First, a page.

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Part of the Dartmeet coaxial field system and other archaeological remains on Holne Moor west and north west of Venford Reservoir

A Scheduled Monument in Holne, Devon

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Coordinates

Latitude: 50.5273 / 50°31'38"N

Longitude: -3.8689 / 3°52'7"W

OS Eastings: 267629.334379

OS Northings: 71391.018383

OS Grid: SX676713

Mapcode National: GBR QB.27WG

Mapcode Global: FRA 27SN.W03

Entry Name: Part of the Dartmeet coaxial field system and other archaeological remains on Holne Moor west and north west of Venford Reservoir

Scheduled Date: 22 February 1955

Last Amended: 18 September 2001

Source: Historic England

Source ID: 1020487

English Heritage Legacy ID: 22368

County: Devon

Civil Parish: Holne

Traditional County: Devon

Lieutenancy Area (Ceremonial County): Devon

Church of England Parish: Holne St Mary the Virgin

Church of England Diocese: Exeter

Details

The monument, which falls into four seperate areas of protection, includes a
group of coaxial fields, associated stone hut circles and enclosures, a stone
alignment, several cairns, areas of historic fields, a medieval farmstead with
ancillary buildings, clearance cairns, tinwork earthworks, shelters, leats,
clapper bridges, pillow mounds, hollow ways, military slit trenches and stone
splitting pits, all situated on Holne Moor.
The coaxial fields form part of the Dartmeet coaxial field system and
survive as rubble banks which in places have been modified during the
construction of later historic fields. There are at least 27 parallel reaves
within the monument, from which large numbers of other boundaries lead
creating a number of smaller fields and enclosures. The parallel reaves are
aligned roughly north east to south west and many abut the terminal reave
which denotes the southern edge of the field system. Within the field system
there are at least 58 stone hut circles, many of which are clustered together
to form settlements. The stone hut circles survive as rubble or orthostatic
walls each surrounding a circular or oval internal area which varies in
diameter from 2.2m to 9.7m. Archaeological excavation during the 1970s
suggested a Bronze Age date for the stone hut circles and also revealed at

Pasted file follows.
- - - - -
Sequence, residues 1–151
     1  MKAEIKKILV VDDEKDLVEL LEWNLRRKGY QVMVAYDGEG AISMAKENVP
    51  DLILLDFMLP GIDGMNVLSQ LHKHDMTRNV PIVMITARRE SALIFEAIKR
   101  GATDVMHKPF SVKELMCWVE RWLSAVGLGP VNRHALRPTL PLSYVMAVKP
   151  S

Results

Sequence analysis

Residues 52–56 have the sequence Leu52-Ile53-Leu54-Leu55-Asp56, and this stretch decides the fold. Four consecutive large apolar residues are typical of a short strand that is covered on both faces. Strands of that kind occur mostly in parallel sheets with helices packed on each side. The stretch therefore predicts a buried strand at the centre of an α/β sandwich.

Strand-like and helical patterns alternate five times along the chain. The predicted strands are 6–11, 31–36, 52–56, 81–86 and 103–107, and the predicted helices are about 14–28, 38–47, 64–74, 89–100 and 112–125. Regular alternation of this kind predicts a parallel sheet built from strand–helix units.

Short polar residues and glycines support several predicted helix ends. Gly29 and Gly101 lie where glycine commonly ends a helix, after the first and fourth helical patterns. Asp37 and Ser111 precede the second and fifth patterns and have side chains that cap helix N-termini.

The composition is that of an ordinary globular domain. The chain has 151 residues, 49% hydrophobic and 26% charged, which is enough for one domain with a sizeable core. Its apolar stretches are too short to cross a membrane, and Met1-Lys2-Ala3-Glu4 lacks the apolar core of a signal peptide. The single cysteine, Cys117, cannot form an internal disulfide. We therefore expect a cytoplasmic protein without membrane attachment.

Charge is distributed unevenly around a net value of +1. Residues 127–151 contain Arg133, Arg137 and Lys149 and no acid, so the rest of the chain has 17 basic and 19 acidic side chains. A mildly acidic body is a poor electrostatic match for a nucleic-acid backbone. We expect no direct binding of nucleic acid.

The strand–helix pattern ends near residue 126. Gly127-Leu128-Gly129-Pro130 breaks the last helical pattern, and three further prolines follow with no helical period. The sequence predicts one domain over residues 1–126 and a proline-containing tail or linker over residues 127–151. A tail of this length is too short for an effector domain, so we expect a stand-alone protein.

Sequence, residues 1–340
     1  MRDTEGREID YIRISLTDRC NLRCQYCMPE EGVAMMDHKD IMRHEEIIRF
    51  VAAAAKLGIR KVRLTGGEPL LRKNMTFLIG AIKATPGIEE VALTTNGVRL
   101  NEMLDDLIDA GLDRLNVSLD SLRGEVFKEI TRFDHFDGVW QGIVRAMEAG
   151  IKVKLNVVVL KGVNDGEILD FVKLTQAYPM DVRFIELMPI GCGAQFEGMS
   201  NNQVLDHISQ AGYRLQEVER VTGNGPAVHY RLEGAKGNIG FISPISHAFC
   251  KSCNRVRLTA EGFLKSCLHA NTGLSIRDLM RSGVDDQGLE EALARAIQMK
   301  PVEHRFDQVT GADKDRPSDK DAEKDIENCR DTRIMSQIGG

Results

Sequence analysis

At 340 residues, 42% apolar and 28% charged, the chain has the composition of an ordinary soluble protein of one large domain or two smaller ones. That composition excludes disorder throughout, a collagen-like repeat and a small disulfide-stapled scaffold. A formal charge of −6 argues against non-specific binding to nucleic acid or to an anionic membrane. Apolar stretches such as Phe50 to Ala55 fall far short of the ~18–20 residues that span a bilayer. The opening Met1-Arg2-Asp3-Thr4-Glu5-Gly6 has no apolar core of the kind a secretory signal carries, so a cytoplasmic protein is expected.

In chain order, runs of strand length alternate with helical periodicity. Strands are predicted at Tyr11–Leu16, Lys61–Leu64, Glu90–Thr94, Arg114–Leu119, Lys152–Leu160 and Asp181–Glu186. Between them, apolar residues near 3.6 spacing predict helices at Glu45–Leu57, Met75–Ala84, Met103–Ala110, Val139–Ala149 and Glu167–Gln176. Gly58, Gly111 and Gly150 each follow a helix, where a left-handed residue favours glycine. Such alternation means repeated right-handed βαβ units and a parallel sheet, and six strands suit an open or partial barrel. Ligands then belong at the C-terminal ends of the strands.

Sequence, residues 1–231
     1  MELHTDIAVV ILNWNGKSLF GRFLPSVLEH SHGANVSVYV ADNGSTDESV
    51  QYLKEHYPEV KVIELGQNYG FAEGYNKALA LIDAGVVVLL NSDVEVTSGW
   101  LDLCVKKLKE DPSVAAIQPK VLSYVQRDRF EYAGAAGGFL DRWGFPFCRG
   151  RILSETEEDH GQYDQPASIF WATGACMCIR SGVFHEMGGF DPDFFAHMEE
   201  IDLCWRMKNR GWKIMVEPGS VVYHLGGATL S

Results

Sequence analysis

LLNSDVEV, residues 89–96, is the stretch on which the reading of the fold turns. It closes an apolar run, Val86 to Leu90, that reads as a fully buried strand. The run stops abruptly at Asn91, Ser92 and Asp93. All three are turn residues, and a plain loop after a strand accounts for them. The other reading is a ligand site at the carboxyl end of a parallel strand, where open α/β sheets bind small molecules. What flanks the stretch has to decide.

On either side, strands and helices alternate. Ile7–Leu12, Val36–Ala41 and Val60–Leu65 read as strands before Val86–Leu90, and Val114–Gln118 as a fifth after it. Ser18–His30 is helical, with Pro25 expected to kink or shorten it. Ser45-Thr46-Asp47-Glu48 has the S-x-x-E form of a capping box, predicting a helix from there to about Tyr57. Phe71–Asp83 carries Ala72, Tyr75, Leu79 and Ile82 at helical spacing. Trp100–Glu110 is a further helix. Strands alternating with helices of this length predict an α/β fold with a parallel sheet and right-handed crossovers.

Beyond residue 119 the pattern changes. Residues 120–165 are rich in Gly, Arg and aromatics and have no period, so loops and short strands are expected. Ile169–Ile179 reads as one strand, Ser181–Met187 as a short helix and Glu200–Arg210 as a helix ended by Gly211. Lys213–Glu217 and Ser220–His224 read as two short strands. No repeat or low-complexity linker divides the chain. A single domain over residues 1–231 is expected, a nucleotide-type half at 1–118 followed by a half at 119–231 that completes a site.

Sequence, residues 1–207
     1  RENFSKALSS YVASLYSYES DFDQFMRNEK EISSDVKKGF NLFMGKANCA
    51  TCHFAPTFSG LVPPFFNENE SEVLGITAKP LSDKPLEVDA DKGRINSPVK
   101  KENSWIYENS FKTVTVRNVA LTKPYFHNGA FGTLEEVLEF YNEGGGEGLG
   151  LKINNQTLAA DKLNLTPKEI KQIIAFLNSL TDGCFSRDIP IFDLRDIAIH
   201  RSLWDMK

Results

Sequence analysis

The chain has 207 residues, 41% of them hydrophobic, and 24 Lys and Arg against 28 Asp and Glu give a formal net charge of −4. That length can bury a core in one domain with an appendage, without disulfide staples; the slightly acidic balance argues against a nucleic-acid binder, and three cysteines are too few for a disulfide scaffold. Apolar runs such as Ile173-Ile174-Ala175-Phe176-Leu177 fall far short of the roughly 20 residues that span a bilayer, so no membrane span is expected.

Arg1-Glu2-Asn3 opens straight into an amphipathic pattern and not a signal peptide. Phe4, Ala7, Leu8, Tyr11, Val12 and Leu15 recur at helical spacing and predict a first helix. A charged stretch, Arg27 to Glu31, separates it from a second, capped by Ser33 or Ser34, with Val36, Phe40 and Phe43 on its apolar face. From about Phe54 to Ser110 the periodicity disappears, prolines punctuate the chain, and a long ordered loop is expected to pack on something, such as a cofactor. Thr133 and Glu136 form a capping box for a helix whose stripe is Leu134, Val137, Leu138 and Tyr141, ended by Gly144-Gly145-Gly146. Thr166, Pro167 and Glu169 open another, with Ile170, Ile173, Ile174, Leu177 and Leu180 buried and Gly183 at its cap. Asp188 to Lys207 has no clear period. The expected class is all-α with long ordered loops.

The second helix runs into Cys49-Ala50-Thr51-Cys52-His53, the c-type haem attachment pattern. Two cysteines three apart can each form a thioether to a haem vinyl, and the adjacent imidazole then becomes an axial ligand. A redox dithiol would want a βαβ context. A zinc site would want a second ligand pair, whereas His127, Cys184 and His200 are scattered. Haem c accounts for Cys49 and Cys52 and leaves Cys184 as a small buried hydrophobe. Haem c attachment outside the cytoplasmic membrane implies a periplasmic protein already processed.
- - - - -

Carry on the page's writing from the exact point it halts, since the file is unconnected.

least three timber houses of similar date.
Six cairns situated within the monument are also likely to be of Bronze
Age date and these survive as mounds measuring between 3.6m and 18m in
diameter and standing between 0.2m and 0.9m high. One of the cairns contains
a cist denoted by four edge set slabs. Beyond the southern edge of the
coaxial field system is a stone alignment. This survives as three parallel
rows of upright stones measuring 147.5m long. The western end is denoted by
three edge set blocking stones and two large recumbent stones, which when
standing would have been up to 3m tall. This alignment, which lies immediately
outside the field system, would appear to have been deliberately excluded,
suggesting that it was already present and perhaps being used when the fields
were constructed.
Archaeological remains of historic date are abundant within the coaxial
field system. In particular, a medieval farmstead together with an extensive
field system occupies much of the eastern part of the monument. The historic
fields are mostly denoted by ditched boundary banks and in places have reused
earlier prehistoric walls. In at least two separate locations the fields have
been further subdivided into strips denoted by low rubble walls. Leading
through the monument in several places are hollow ways which survive as sharp
sided, flat bottomed gulleys. Evidence for rabbit farming takes the form of
several rectangular mounds which have been identified as pillow mounds. A
small number of shelters, many of them built into earlier stone hut circles,
illustrate a pastoral interest in the area.
Another activity of historic date for which abundant archaeological remains
survive is mineral prospecting and extraction. In several places, clusters of
small rectangular pits together with narrow trenches formed during the search
for tin are visible. The deposits and lodes encountered were exploited using
either streamworks, opencast quarries called openworks or by lode back pits.
Several lengths of leat survive within the monument. The shorter examples
generally lead to the various tinworks, but two long distance leats pass
through the monument. The northern leat is known as the Holne Moor Leat or
Hamlyn's Leat and was cut in the early part of the 19th century to supply
water for textile mills in Buckfastleigh. Where it survives as an earthwork it
forms part of this scheduling. The southern leat is known as the Wheal Emma
Leat and was constructed in 1859 to carry water from the upper Swincombe River
to supplement the River Mardle. The additional water was required by the Wheal
Emma copper mine near Buckfastleigh. Within the monument the leat survives as
a steep sided channel crossed at several points by clapper bridges.
The Holne Moor Leat or Hamlyn's Leat, where it remains in use, leading through
the monument is excluded from the scheduling, although the ground beneath the
associated bank, where it survives, is included. The metal fence denoting the
edge of the Venford Reservoir forestry plantation and a series of boundary